JP Morgan Chase to Pay Millions to Settle Credit Card Debt Probes
JP Morgan Chase will have to pay back $50 million to consumers and another $166 million to settle probes by both federal and state authorities for selling bad credit card debt and illegally robo-signing documents, the CFPB announced today.
The Consumer Financial Protection Bureau found that Chase robo-signed documents to sue consumers for unverified debt; assisted third-party debt buyers in deceptively collecting debt; and sold bad debt to third-party debt buyers. These accounts had been paid in full, identified as fraudulent, discharged in bankruptcy or already been subject to an agreed-upon payment plan.
There were an estimated 528,000 accounts involved between January 2009 and June 2014.
Chase was ordered to stop robo-signing, the practice of someone signing documents without properly reviewing them on an individual basis for accuracy. Future signings must be based on the direct knowledge of the person signing and their review of Chase’s business records.
Chase will pay $136 million in penalties and payments to the Consumer Financial Protection Bureau and 47 states plus the District of Columbia. In addition, they will pay at least $50 million in restitution to affected consumers, and another $30 million penalty to the Office of the Comptroller of the Currency.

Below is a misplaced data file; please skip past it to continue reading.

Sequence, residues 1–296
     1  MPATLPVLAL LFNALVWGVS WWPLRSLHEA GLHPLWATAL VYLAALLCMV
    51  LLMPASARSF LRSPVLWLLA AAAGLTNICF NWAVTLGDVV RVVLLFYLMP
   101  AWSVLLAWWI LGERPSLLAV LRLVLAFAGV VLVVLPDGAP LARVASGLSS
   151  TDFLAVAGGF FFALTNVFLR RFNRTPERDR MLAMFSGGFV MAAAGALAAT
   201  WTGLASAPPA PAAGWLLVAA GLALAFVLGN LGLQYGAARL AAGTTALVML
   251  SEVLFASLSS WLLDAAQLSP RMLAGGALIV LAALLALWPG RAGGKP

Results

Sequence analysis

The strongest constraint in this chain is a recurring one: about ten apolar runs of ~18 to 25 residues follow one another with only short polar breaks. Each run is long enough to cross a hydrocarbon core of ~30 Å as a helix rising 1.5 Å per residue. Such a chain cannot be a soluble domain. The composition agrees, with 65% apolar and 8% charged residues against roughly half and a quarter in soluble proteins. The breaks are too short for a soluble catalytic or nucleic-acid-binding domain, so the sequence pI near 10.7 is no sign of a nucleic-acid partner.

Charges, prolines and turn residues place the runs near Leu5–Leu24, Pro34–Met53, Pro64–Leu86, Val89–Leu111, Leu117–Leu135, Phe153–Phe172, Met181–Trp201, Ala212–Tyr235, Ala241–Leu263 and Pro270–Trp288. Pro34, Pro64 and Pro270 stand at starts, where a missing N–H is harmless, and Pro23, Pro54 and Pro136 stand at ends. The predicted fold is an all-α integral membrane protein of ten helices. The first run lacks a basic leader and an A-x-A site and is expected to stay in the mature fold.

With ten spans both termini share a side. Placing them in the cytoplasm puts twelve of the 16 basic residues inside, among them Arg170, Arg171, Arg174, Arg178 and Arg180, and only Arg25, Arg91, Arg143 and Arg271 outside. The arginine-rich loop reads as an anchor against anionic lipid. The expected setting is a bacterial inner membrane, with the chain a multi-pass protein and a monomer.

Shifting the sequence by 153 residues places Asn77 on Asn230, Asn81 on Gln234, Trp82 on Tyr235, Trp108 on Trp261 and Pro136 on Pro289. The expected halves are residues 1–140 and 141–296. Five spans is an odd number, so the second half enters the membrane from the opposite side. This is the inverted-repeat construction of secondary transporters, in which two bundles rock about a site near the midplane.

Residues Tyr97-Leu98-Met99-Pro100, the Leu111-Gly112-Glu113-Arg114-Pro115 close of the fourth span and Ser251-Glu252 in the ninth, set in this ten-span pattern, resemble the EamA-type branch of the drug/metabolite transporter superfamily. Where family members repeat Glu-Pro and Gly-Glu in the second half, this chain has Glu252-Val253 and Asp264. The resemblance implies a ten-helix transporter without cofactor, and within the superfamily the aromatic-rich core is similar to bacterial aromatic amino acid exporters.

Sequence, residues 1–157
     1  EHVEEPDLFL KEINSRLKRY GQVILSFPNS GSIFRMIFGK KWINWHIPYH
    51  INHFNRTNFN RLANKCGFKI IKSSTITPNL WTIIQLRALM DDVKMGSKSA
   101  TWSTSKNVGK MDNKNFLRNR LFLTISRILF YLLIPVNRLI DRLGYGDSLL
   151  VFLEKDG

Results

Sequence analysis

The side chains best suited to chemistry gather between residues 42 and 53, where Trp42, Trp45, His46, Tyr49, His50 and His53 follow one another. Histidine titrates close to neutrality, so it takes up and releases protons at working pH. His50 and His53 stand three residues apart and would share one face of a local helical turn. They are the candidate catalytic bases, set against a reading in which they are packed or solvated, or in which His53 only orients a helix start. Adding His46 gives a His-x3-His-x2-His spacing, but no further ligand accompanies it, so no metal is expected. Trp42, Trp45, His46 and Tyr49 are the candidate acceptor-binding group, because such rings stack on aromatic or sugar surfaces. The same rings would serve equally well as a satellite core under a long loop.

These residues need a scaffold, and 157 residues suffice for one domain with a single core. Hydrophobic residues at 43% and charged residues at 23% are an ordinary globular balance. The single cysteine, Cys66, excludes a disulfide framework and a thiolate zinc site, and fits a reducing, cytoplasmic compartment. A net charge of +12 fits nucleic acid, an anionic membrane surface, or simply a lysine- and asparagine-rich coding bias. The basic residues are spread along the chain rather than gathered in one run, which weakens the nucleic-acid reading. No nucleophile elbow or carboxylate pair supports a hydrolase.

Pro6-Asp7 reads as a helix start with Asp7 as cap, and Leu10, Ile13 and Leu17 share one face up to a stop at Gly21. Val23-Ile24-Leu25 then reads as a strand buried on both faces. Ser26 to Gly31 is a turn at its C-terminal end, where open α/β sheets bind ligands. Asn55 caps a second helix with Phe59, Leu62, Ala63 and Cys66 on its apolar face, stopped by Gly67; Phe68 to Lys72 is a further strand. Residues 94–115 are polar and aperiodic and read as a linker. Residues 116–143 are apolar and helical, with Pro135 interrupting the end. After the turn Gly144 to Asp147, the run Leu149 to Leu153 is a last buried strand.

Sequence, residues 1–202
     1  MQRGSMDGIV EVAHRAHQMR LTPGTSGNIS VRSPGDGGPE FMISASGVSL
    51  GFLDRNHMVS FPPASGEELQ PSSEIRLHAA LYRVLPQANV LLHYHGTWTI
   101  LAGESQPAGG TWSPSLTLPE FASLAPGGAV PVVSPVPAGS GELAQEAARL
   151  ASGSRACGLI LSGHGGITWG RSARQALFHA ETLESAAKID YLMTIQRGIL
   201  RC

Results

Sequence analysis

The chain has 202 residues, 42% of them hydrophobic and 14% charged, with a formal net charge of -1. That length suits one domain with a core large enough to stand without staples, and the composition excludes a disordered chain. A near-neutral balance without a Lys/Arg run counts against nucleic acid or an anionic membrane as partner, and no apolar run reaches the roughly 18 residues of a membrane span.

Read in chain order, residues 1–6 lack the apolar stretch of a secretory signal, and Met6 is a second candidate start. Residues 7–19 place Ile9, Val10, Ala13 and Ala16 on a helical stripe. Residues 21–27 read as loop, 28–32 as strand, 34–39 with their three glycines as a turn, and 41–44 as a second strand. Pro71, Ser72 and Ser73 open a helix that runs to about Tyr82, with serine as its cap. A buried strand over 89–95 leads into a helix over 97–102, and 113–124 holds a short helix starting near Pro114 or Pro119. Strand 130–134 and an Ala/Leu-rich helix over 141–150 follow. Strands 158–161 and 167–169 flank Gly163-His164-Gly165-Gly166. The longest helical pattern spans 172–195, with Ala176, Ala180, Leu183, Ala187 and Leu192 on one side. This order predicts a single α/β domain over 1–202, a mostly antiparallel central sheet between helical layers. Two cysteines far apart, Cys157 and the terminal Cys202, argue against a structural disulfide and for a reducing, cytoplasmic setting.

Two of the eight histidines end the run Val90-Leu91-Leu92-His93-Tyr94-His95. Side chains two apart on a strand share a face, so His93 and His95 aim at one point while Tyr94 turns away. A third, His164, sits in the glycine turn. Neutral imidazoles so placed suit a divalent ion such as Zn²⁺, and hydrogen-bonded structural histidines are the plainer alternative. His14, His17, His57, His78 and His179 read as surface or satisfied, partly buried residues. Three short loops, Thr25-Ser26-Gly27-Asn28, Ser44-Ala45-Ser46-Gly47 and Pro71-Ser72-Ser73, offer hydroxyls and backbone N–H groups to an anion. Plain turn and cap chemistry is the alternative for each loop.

“Chase sold bad credit card debt and robo-signed documents in violation of law,” said CFPB Director Richard Cordray. “Today we are ordering Chase to permanently halt collections on more than 528,000 accounts and overhaul its debt-sales practices.”
“We are pleased to resolve these legacy issues and are working to complete our remediation of affected credit card customers,” JP Morgan Chase said in a statement.
The CFPB has a history of cracking down on credit card issuers and third-party providers for illegal practices. Last week, the Consumer Financial Protection Bureau fined two companies, Intersections, Inc. and Affinion Group Holdings, Inc, for selling credit card add-on products to consumers, but never providing the services to the buyers.
This is not the first time that Chase has been the subject of an action by the CFPB. In September 2013, the CFPB made JPMorgan Chase refund $309 million to credit card customers that were improperly billed for add-on products. The CFPB and the Office of the Comptroller of the Currency concluded that 2.1 million cardholders were billed for services between 2005 and 2012 that they never received. These add-on products included identity theft protection and fraud monitoring. Chase charged monthly fees ranging from $7.99 to $11.99. The investigation found that the company even charged customers for these services before the customers gave any authorization. In addition to the $309 million in refunds to cardholders, JPMorgan Chase were also ordered to pay fines of $60 million to the Office of the Comptroller of the Currency as well as $20 million to the CFPB’s Civil Penalty Fund.